You will be surprised how much you can pack into 48 hours in Fort William and Lochaber. Take some inspiration from our weekend guide.
Let’s assume you’re starting out your day in Fort William. Take a drive south along the A82 as it wends along by Loch Linnhe and then into Loch Leven and you’ll reach the awe-inspiring mountains of Glencoe. Stop into the National Trust for Scotland’s Glencoe Visitor Centre first to learn about the history of the region as well as walks, weather and wildlife in the region.
If you want to stretch your legs, the fitter amongst us might want to tackle the Lost Valley, a rugged walk into the hollow where past cattle rustlers hid their cattle. Or take a stroll around the peaceful Glencoe Lochan, which offers trails for varying fitness levels. All that exercise will have made you hungry – and you’ve plenty of choice. Try climbers’ favourite, the Clachaig Inn or have a lighter bite at the Coffee Shop at Crafts & Things.
For a more relaxing but no-less exciting afternoon, why not take a boat trip with Crannog Cruises? Board Souters Lass for a cruise down Loch Linnhe and enjoy some amazing views of the southern slopes of Ben Nevis. With fascinating commentary throughout, you’ll experience some of Scotland’s best wildlife, including porpoise, seals and maybe even a golden eagle. You’ll be ready for a hearty meal after your action-packed day – and where better to enjoy it than at the foot of the Ben in the iconic Ben Nevis Inn?
Stop into the National Trust for Scotland’s Glencoe Visitor Centre first to learn about the history of the region as well as walks, weather and wildlife in the region
Take the A830 west from Fort William towards Mallaig. After just a few miles you’ll reach the impressive Neptune’s Staircase at Banavie, which raises the Caledonian Canal by 19m over a quarter of a mile. It’s a fantastic place to watch the barges, cruisers and tall ships as they pass through the locks.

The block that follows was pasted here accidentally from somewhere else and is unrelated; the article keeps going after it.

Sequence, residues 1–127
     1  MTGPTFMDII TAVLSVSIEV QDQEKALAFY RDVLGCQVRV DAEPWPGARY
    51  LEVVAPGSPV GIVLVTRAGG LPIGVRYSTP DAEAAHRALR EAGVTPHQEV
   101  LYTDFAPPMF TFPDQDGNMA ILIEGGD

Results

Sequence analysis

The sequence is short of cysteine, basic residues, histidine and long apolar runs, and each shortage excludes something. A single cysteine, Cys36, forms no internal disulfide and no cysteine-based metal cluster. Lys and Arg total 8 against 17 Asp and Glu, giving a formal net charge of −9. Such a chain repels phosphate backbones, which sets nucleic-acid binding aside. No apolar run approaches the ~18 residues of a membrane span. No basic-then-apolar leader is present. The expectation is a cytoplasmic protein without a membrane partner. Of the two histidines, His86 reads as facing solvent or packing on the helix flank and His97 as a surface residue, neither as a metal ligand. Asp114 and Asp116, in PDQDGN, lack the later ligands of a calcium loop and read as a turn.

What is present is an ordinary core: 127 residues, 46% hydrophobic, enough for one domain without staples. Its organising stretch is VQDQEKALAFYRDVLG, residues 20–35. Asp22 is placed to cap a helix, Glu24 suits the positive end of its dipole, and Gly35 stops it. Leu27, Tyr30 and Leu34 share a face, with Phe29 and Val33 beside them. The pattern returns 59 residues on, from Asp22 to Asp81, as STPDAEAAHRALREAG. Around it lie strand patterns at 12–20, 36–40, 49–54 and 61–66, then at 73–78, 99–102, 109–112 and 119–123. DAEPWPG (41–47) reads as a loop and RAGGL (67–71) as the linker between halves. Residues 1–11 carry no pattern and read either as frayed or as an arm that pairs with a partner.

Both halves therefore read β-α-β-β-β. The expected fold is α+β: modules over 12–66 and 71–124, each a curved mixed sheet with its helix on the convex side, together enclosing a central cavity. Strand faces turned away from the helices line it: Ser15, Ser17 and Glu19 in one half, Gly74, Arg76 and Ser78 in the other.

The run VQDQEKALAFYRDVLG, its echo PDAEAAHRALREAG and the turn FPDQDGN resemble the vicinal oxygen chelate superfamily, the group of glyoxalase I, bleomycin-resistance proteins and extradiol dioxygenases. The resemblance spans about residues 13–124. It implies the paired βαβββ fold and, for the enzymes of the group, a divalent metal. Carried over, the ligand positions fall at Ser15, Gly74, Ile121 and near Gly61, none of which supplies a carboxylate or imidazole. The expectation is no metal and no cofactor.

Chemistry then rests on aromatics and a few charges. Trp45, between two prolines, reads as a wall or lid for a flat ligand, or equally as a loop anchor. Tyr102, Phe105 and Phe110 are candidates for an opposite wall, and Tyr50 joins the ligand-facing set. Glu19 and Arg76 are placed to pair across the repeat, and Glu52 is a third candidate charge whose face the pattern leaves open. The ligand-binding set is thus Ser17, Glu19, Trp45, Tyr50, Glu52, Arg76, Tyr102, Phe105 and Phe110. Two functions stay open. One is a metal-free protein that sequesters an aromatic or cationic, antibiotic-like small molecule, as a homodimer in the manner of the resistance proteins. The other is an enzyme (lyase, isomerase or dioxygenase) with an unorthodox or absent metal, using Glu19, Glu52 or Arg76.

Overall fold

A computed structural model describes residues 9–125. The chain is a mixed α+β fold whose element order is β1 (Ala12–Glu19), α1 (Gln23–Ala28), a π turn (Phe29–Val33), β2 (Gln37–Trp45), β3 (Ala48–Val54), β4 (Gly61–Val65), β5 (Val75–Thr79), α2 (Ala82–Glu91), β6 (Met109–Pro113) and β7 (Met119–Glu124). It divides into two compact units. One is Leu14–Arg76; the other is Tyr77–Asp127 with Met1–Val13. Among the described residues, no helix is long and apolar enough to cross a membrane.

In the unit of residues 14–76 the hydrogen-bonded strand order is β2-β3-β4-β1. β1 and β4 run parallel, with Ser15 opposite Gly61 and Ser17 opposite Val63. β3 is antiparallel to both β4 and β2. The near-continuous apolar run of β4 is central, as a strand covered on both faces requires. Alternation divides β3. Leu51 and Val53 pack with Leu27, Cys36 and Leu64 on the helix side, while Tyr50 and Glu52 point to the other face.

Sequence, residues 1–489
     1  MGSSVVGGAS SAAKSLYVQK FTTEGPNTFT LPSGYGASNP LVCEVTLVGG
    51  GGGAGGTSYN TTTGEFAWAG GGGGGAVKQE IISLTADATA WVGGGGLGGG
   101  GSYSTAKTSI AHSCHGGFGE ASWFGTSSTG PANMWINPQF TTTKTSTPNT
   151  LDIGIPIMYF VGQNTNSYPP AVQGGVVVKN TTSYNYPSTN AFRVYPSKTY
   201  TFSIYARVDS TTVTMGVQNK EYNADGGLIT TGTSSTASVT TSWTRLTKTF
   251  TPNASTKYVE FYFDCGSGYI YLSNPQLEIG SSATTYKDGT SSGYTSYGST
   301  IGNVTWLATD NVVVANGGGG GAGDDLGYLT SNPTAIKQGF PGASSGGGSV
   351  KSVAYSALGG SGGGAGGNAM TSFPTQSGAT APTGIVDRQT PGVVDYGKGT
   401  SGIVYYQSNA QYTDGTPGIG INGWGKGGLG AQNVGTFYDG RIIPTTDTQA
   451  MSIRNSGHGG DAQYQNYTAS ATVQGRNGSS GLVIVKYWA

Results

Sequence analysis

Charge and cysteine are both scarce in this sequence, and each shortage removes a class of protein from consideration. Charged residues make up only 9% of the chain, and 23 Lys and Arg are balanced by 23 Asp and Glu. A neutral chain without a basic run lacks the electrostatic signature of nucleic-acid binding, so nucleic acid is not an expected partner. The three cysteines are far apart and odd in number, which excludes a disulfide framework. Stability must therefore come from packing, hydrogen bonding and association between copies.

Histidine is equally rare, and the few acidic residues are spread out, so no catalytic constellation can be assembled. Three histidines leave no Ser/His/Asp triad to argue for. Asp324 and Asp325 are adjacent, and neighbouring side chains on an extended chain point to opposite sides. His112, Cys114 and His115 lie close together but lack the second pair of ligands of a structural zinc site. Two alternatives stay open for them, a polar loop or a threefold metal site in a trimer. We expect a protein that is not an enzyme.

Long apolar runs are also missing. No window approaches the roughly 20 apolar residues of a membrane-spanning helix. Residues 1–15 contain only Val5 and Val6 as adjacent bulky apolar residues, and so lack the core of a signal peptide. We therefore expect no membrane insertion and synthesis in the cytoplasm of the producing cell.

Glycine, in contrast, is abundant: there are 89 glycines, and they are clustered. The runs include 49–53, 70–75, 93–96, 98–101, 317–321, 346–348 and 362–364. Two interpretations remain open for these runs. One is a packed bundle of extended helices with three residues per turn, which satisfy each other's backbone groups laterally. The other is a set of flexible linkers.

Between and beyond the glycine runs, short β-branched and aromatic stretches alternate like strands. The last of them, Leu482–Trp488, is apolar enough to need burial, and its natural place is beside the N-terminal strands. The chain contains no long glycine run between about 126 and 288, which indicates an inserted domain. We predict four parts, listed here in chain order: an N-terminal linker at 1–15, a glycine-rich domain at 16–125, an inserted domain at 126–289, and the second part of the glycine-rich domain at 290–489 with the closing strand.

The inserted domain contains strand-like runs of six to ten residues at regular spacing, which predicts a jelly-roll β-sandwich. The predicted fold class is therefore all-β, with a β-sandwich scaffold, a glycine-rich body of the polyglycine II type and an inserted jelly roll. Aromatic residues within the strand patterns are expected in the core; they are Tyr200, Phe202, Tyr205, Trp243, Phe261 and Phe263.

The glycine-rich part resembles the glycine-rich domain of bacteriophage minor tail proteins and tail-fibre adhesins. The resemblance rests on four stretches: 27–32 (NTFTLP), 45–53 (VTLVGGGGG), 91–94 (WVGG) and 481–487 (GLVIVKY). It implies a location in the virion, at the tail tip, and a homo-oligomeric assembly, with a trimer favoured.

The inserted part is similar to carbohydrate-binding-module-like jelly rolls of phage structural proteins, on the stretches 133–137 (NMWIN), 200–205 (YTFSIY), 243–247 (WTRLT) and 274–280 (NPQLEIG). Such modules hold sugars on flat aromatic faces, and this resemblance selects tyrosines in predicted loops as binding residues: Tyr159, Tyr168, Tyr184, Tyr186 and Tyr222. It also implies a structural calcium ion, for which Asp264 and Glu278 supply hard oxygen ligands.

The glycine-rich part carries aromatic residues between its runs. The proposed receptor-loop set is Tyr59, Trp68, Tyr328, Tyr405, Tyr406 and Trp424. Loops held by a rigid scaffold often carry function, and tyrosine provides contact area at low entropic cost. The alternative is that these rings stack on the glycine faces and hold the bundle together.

Keep heading west and you’ll reach Glenfinnan at the head of Loch Shiel. Backed by spectacular scenery, the striking 18m-high Glenfinnan Monument depicts the lone, kilted Highlander of Prince Charles Edward Stuart as a reminder of the clansmen who gave their lives to the Jacobite cause. Check out the visitor centre to learn the story of Bonnie Prince Charlie as he led the 1745 Jacobite Rising.
Harry Potter fans may be keen to visit the Glenfinnan Viaduct, and take pictures at close range. You probably won’t be the only one! You’ll be ready for lunch when you arrive in the fishing village of Mallaig, and there’s plenty of choice – from fish and chips on the harbour to fresh langoustines with a view. Or take a picnic to the glorious beaches of Arisaig and Morar. Paddle, swim or beachcomb along enticing stretches of golden sands.
Take a leisurely drive back to Fort William, stopping for photo opportunities along the way. If you fancy treating yourself for dinner, why not try the Lime Tree An Ealdhain Restaurant or Inverlochy Castle? If you prefer something a little more casual, the Grog & Gruel on Fort William High Street serves up hearty classics in a relaxed atmosphere.
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